Queen Mary – the 16th century Tudor monarch, not the former Cunard liner currently moored in Long Beach, California – shares one characteristic with me: strong feelings about French Channel ports.
She is reputed to have said: “When I am dead and opened, you shall find ‘Calais’ lying in my heart.” The port now beloved of booze-cruisers had been recaptured during her reign by the French.
My association with the Normandy port of Dieppe is happier: it was the first time I had ventured abroad (on a school day trip aged 13), and the ferry had taken me to a new dimension, full of wonders.
As France reopened to British visitors in the early hours of Friday morning, I returned to this exotic location.
The aroma of the town was no longer two parts cigarette smoke, one part fishing port, but the cliffs, the beach and slightly ramshackle charm endure. And they still insist on driving on the right.
Not that I was motoring. I was keen to reach Paris as soon as possible once the borders opened to the British.
Eurostar – sadly reduced to two trains a day by what was effectively a two-way travel ban – could not get me there before lunchtime. Air France would get me to Paris Charles de Gaulle by 8.45am, but the old-school option of rail-ferry-rail was more appealing and rather less environmentally damaging.
While there is no longer a dedicated boat train from London to the departure point, Newhaven, the trip via Lewes was swift and easy. I even had time for some light sightseeing in Newhaven, though I chose not to linger in the White Hart pub on karaoke night.
The ferry, for which I paid £31 just a few hours ahead of departure, is run very smoothly by DFDS. I turned out to be the only foot passenger, and was driven from the port terminal out to the ship – Côte d’Albâtre – in my very own bus.
A berth in a four-bed cabin was well worth paying £36 extra, especially when I found I was the only occupant. (Oddly, the slightly spartan surroundings, though with a decent shower, reminded me of a stay aboard the Queen Mary – now a floating hotel ideally priced for those of us seeking a deal.)
While the cross-Channel voyage is only four hours, I managed to sleep fairly soundly – which made the night journey bearable. At 4am local time I was driven on another bus from the ship to passport control, which after a short discussion I passed.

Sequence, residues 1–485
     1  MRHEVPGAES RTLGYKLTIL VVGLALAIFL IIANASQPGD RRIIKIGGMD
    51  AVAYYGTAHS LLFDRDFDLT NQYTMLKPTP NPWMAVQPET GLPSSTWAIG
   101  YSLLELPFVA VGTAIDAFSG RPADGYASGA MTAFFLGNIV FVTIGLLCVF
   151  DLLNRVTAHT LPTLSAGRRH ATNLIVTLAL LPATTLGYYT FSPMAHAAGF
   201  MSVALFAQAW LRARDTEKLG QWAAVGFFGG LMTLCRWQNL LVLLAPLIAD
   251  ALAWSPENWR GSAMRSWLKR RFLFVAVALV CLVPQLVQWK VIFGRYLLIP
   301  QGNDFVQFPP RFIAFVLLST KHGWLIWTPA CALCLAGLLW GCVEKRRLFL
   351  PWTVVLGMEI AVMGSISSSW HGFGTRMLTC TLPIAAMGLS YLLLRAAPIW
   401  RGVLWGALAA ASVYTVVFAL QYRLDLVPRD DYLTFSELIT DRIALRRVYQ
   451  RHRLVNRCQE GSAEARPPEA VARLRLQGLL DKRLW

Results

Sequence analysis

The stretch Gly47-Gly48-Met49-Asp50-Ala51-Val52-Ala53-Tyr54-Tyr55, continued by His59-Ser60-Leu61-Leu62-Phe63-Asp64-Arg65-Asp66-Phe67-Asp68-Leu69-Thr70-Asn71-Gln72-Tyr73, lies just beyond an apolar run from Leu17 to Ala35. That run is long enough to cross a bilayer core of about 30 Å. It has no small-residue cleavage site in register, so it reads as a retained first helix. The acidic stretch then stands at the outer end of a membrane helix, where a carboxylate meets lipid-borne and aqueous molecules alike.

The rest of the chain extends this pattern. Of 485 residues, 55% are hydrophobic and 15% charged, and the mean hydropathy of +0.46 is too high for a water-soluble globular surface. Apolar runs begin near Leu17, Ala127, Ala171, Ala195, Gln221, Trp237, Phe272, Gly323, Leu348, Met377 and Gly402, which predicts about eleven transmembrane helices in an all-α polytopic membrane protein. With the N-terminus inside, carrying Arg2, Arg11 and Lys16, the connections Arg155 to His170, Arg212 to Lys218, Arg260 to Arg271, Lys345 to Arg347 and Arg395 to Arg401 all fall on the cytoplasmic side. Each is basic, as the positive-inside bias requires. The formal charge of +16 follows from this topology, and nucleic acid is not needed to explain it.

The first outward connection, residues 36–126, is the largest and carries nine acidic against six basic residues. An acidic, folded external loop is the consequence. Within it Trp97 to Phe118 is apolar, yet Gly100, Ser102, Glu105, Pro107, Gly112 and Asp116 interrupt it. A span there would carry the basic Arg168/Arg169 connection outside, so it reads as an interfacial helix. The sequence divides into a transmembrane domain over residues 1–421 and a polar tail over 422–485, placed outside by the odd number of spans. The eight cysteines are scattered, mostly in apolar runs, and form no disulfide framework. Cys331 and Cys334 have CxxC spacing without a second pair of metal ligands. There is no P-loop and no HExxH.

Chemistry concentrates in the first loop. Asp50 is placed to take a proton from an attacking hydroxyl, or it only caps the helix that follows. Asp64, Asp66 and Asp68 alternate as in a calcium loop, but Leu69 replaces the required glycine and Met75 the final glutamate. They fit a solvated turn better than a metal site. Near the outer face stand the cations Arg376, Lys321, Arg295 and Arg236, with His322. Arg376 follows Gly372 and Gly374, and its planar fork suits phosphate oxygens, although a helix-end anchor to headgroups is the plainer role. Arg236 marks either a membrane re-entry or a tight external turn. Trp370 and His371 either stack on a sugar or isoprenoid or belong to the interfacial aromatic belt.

No longer do ferries moor in the heart of Dieppe, but the docks are a brisk 15-minute walk from the town centre. While an hour’s sightseeing is ideally not carried out between 4am and 5am, it felt good to be back.
As with the train journey from London to Newhaven, so with the final leg to Paris: a two-stage trip, via Rouen. The terminus in the French capital is St-Lazare, my preferred arrival point – much closer to the heart of the city than Gare du Nord, where Eurostar arrives.
Eurostar, I am glad to say, is now ramping up its schedule – and remains the obvious, comfortable and swift choice between London and Paris. But for short-notice bookings, the rail-sea option is much cheaper. I would not race back for another trip in deep winter, but come summer I will be back on the Newhaven-Dieppe link.
Slow travel? Yes, which should be part of the fun. And it also gets you from city to city, gently.
Register for free to continue reading
Registration is a free and easy way to support our truly independent journalism
By registering, you will also enjoy limited access to Premium articles, exclusive newsletters, commenting, and virtual events with our leading journalists
Already have an account? sign in
Join our new commenting forum
Join thought-provoking conversations, follow other Independent readers and see their replies